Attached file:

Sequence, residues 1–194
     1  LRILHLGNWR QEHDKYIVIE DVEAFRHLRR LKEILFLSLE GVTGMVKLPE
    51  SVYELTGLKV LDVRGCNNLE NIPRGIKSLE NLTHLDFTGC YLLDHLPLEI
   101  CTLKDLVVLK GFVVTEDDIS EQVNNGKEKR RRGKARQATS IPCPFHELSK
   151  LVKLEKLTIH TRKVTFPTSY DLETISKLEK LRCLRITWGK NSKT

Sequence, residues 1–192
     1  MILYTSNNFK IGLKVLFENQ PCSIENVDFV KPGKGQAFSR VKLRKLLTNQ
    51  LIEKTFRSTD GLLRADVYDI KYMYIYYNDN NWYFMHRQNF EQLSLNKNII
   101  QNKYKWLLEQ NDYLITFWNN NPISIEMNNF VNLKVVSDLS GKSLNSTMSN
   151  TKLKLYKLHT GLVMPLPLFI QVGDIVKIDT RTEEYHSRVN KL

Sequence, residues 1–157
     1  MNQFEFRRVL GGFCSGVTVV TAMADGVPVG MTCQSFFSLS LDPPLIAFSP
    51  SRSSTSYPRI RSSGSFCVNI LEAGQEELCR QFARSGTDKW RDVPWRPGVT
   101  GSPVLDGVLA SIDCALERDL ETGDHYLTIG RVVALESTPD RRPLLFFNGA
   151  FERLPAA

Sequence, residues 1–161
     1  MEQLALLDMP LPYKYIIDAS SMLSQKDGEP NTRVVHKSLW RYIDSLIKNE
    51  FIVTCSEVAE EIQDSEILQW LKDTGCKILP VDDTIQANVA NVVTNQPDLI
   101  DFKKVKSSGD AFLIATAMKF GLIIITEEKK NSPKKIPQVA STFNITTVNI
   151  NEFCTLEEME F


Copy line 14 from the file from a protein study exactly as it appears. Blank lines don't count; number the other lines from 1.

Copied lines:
   101  GSPVLDGVLA SIDCALERDL ETGDHYLTIG RVVALESTPD RRPLLFFNGA